Standardized effect of each covariate on 1-yr return rates of Semipalmated Sandpipers across all sites in the North American Arctic in 2012, 2013, 2014, and 2016. Values are on the logit scale and were obtained by averaging the top model set (ΔAICc < 2), which included 2 models: geolocator + alphanumeric flag + previously banded (wi = 0.505, ΔAICc = 0.00), and geolocator + previously banded (wi = 0.364, ΔAICc = 0.65). Each model included random effects of year (on intercept) and site (on intercept and geolocator effect).

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Site-specific tests indicated that geolocators had a significant negative effect on return rates at 2 sites: Nome and Ikpikpuk (Table 4). Field crews at Nome and Ikpikpuk applied geolocators only to birds that had not been previously banded, but had some control birds that had been marked in prior years. At the other study sites, both treatment groups included a mix of previously banded and unbanded birds. In our dataset, previously unbanded birds were less likely to return, which could partially explain why fewer birds marked with geolocators returned to Nome and Ikpikpuk. However, when we looked at only these 2 sites and used a subset of the data that included only previously unbanded birds in both the geolocator (n = 83) and control groups (n = 340), the negative effect of geolocator remained strong and significant (GLMM with random effects of site and year: intercept = −0.50 ± 0.08, geolocator effect = −0.91 ± 0.25, P < 0.001). Therefore, banding history did not explain the negative effects of carrying a geolocator at these 2 sites.

DISCUSSION

Our study provides the first large-scale analysis of migratory connectivity for Semipalmated Sandpipers among breeding, stopover, and nonbreeding sites. Our results confirm and refine the previous general understanding of population-specific migratory movements based on resightings, band recoveries, and bill length measurements (Harrington and Morrison 1979, Lank 1979, 1983, Gratto-Trevor and Dickson 1994, Gratto-Trevor et al. 2012a). Going well beyond current knowledge from prior studies, deploying geolocators simultaneously across the entire breeding range of this species provided unprecedented information about the timing of migration and clarified specific connectivity among breeding, migration, and nonbreeding areas, which will help to assess the relative conservation importance of sites and regions for Semipalmated Sandpipers.

Migration Routes and Connectivity

Geolocators recovered from Coats Island showed movements consistent with previous data suggesting that birds that breed in the eastern Arctic overwinter in the areas of northern South America where large population declines have been observed, including Suriname, French Guiana, and Brazil. Connectivity between these sites suggests that declines documented in northern South America may be linked to population declines in the eastern Arctic. On the other hand, at least some birds from the northwestern part of the breeding range also wintered in northern South America, including birds from the northern coast of Alaska as far west as Barrow and the Canning River. Birds from these sites spread out across the entire wintering range from Ecuador to Brazil. In contrast, all of the birds breeding in far western Alaska spent the boreal winter in South America in areas no farther east than western Venezuela.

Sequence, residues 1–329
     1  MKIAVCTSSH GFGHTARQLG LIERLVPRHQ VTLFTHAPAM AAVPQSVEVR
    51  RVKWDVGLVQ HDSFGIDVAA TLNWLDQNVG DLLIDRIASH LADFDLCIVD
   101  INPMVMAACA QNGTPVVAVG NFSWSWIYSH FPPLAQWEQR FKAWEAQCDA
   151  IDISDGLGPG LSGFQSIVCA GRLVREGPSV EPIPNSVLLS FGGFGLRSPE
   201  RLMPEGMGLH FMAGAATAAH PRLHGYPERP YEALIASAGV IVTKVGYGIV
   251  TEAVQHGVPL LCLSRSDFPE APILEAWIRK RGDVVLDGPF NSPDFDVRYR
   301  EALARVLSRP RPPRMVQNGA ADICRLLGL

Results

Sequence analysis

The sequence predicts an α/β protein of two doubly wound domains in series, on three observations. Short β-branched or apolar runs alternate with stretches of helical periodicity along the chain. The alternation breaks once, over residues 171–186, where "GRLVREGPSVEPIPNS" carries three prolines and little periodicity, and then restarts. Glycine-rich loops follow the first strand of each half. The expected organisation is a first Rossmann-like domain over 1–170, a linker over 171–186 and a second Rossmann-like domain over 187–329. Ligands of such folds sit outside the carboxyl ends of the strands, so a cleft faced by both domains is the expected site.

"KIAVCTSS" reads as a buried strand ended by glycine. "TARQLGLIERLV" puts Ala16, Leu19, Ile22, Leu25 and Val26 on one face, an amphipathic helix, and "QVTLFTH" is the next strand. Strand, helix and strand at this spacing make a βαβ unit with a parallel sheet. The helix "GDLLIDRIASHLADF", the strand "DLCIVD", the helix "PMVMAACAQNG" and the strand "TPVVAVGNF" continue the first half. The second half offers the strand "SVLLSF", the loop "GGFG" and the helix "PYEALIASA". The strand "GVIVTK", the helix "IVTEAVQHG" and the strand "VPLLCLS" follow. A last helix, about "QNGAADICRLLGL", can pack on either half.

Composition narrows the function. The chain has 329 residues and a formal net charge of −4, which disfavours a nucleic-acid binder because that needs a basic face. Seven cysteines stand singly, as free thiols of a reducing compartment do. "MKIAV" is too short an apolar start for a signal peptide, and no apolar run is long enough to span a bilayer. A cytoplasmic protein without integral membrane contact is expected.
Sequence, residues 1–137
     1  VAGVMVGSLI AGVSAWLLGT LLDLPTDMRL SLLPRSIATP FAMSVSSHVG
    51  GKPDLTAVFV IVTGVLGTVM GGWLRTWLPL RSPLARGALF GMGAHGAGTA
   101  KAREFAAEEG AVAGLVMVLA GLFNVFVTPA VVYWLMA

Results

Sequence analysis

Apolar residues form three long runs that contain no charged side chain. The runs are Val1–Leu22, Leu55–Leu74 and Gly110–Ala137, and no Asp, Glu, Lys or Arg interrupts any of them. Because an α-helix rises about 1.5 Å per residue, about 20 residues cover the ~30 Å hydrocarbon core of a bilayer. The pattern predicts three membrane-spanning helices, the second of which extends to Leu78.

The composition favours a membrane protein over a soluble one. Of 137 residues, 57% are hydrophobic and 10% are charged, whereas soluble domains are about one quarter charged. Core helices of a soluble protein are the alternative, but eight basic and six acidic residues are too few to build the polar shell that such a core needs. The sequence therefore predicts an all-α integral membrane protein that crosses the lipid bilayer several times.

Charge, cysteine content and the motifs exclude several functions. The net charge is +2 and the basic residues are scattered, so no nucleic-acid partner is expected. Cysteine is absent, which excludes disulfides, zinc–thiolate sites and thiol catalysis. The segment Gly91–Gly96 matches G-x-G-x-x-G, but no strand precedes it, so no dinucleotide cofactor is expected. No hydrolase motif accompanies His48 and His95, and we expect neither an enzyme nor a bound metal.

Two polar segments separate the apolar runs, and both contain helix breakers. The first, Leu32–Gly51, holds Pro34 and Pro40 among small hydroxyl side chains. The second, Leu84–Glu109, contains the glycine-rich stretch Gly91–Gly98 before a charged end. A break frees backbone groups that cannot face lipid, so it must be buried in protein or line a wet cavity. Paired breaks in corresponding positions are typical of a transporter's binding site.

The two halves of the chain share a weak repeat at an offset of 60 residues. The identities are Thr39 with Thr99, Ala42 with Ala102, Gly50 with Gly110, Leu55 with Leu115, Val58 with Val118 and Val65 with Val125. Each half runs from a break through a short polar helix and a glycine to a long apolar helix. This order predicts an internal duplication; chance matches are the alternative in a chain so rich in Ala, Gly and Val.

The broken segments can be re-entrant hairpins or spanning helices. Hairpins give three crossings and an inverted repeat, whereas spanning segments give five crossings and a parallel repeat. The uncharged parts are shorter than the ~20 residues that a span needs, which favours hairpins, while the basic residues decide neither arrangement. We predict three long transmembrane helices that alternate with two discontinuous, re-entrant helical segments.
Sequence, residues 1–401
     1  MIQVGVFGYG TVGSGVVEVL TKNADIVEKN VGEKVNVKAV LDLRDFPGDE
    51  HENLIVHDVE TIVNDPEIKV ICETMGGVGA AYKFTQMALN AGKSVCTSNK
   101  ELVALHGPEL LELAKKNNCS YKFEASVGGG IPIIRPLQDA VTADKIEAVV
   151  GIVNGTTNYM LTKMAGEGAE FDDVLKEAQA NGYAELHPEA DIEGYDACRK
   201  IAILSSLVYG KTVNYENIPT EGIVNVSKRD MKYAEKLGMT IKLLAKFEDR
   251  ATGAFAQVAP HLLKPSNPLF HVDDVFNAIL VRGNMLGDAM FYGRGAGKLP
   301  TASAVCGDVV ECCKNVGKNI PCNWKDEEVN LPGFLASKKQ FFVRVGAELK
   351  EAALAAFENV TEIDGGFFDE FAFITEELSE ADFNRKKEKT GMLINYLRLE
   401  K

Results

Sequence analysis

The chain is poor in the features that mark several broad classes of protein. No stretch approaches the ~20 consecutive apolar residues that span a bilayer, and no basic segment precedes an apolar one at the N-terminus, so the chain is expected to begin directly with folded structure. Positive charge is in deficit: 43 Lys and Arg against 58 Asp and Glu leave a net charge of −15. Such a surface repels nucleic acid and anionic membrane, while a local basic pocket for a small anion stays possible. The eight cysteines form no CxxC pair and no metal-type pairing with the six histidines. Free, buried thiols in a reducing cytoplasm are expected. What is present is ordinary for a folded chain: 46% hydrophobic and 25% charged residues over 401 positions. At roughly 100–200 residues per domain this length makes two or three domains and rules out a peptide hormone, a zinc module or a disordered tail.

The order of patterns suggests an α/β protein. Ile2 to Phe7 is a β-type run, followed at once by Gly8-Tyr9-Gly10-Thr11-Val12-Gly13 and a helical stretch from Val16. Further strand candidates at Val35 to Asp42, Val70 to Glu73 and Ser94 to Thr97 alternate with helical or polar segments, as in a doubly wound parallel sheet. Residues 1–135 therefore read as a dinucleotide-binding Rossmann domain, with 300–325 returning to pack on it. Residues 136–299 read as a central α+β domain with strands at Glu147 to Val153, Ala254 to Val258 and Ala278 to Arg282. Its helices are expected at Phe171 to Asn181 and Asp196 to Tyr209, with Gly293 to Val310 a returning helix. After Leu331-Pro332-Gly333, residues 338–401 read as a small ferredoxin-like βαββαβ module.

Birds from breeding sites farther east also generally wintered farther east in South America (Table 1), which is consistent with the results of previous studies (Harrington and Morrison 1979, Lank 1979, 1983, Morrison 1984, Gratto-Trevor and Dickson 1994, Gratto-Trevor et al. 2012a). Previous work demonstrated that some Alaskan breeders wintered in northeastern South America, but our results indicate that these birds are primarily from sites in northeastern rather than far western Alaska. Birds from Barrow were scattered among virtually all wintering sites, and those from western Alaska concentrated instead in more western South American and Central American sites. Our data showed no obvious differences between the sexes in wintering locations, in contrast to the latitudinal pattern found in the closely related Western Sandpiper (Calidris mauri; Nebel et al. 2002).

We also detected differences in the migration routes used by birds breeding in the eastern and western portions of the Arctic (Figures 2, 3). Western breeders from sites west of Canning River followed similar routes during both northbound and southbound migration, stopping over throughout the prairies of the Central Flyway. Birds breeding at Canning River and Mackenzie Delta also used the prairies of the Central Flyway, but tended to migrate farther east during southbound migration. In contrast, the eastern breeders from Coats Island tended to show more of an elliptical migration, with stopovers in James Bay during southbound migration before flying over the Atlantic Ocean to reach South America, and return routes along the Atlantic Coast. Most birds carrying geolocators that wintered in northeastern South America (Suriname, French Guiana, and Brazil) first arrived in Venezuela or Guyana and then moved farther west. The observed routes add detail to our previous understanding of movements based on morphometric analyses (Spaans 1978, 1984, Morrison 1984, Hansen-Chaffard 2000, Hicklin and Gratto-Trevor 2010, Gratto-Trevor et al. 2012a).

The eastern and western populations both showed high migratory connectivity, with disjunct breeding ranges, migration routes, and nonbreeding areas from each other. Thus, in theory, these populations could be demographically distinct from each other with respect to population effects occurring during any part of the annual cycle. Eastern birds had the highest overall connectivity because their migration routes were distinct from the other sampled populations, which could add to connectivity generated by their partially disjunct wintering grounds. In practice, detecting such demographic independence would be complicated by movements from the intervening North Slope and Mackenzie Delta based breeding populations, which show substantially lower connectivity in both migration routes and wintering ranges, strongly with each other, but also with the extreme eastern and western populations.